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What’s Blooming in Paradise: Blush Noisette Antique Rose

By Staff | Dec 24, 2014

First impression: Delicate, creamy, fairytale pink-kissed flowers in a cluster to form the appearance of a large blossom. Small green leaves are an attractive back drop to the pink-blushed cameo petals. I can’t help but detect oodles of eye-closing fragrance drifting in the air, attracting all kinds of pollinators.

I notice the lovely, light green stems adorned with prickly thorns everywhere. The yin and yang of beauty with a price, you can see this awe-inspiring bloom at the Botanical Gardens of the Sanibel Moorings.

Upon further investigation: Roses? I always had trouble making my roses last from season to season here in my paradise garden. I am not even close to being a Rosarian, but I can share with you a few tips I picked up from a local horticulturist, Debbie Hughes.

Start with the antique varieties that are on their own rootstock. Antique roses are garden roses that date back to the 19th and 20th century. Most have lived happily without a lot of care in abandoned homes and cemeteries. They seem to have flourished even with neglect.

Three varieties I have had success with are Noisette, China, and Tea. Our star is a small shrub called a Noisette. Its classification denotes a low compact plant, with lots of flowers. Grouping roses with other plants is a great way to hide their in and out of blooms period of not looking so good.

The best time to trim up our beauty is in February. I routinely shape and corralled the limbs because I like the air to move between the stems. Wear gloves, otherwise you will get snagged by the thorns. Fertilize lightly in the fall with a slow release, coated fertilizer. Organic matter will decrease nematodes; I give them all my used coffee grounds. Be sure to plant in an area that will get 6-8 hours of sunlight. You will appreciate this specific pioneer or antique rose’s easy nature and lack of pests and disease.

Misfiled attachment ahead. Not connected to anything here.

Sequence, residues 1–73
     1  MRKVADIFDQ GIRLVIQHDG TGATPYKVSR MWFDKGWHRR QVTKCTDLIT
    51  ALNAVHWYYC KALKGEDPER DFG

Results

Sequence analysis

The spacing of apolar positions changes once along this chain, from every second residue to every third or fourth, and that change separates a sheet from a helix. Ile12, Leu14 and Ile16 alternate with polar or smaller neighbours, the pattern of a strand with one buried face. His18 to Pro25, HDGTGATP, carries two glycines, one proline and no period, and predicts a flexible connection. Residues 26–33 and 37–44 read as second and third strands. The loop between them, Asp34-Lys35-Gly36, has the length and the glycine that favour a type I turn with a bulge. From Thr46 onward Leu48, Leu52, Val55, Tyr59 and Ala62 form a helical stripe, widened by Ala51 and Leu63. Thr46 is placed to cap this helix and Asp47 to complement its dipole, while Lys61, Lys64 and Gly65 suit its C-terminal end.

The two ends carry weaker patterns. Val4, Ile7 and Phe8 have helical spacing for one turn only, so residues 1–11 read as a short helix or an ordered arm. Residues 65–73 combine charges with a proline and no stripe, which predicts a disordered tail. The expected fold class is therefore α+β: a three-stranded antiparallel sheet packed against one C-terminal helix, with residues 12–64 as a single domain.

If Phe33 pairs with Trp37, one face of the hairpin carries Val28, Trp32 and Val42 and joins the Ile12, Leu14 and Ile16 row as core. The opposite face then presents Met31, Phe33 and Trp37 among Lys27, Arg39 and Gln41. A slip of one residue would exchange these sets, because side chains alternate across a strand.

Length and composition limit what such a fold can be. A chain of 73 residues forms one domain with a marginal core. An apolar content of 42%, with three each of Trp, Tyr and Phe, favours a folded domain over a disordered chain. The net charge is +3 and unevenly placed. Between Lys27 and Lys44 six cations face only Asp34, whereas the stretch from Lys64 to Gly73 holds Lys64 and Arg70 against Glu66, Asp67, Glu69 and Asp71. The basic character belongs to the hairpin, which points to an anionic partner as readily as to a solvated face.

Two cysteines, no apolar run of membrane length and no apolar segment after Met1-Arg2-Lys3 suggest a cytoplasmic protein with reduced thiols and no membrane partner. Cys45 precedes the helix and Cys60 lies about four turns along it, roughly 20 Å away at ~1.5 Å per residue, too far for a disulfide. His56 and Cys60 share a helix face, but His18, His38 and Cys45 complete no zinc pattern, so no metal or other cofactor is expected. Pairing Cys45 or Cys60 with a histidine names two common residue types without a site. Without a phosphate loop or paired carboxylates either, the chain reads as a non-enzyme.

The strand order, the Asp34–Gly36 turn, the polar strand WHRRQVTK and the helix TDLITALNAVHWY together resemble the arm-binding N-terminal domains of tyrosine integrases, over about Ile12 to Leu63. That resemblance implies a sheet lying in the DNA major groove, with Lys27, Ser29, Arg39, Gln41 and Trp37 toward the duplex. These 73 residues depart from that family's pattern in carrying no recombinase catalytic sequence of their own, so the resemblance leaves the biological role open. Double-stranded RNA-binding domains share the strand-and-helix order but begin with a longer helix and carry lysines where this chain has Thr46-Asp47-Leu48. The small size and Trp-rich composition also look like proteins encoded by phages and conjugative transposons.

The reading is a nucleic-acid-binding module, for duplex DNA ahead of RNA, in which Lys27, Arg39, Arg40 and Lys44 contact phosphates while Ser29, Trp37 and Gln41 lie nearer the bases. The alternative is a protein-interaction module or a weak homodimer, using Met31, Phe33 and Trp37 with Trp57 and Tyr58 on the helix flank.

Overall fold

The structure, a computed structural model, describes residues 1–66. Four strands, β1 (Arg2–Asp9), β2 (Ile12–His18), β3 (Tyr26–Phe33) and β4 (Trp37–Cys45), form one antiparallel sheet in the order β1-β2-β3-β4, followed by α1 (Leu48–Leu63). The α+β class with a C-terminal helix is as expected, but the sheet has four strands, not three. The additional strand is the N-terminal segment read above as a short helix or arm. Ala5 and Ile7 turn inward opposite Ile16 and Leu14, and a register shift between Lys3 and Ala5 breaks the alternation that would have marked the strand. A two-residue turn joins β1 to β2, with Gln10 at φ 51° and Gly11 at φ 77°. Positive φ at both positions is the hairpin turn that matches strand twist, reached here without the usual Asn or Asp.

Interesting tidbit: Garden cultivation of roses began some 5,000 years ago, somewhere in China; Europe started importing them around the eighteenth century. Our variety Bush Noisette was hybridized by Louis Noisette, a famous nurseryman in Paris. Days-gone-by people treated roses as treasured objects and even bartered with them as money. Now a days we are blessed with many roses to choose from and should always take the time to adore them.


  • Multiple blooms
  • Likes filtered sun
  • Easy to maintain/prune
  • This variety does well in our plant zone
  • Might take up reading Shakespeare
  • Pollinator attractor
  • Is great for cottage look in a garden
  • Great essence for potpourris
  • Non-invasive
  • Must have for inspirational prose
  • Cold tolerant


  • Be careful with thorns
  • Pollinator attractor
  • May actually start to understand Shakespeare!
  • Non-native.

Conclusion: Cameo blooms bursting, cascading, intoxicatingly fragrance never ending, in a fairytale-like setting. Ahhhfollow those sprouting of odes to our garden in paradise.

Don’t wanna miss this bloomer!